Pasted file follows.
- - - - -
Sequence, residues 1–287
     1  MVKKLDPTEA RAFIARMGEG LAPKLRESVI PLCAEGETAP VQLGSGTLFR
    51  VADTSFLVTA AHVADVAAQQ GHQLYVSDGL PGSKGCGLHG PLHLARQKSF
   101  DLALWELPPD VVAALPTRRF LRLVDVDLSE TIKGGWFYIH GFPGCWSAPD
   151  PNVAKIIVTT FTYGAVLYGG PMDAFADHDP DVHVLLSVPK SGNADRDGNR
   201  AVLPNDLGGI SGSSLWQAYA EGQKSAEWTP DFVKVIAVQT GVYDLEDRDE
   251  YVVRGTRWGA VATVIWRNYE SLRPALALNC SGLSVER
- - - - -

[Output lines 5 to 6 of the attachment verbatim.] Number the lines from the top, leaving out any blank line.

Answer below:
   151  PNVAKIIVTT FTYGAVLYGG PMDAFADHDP DVHVLLSVPK SGNADRDGNR
   201  AVLPNDLGGI SGSSLWQAYA EGQKSAEWTP DFVKVIAVQT GVYDLEDRDE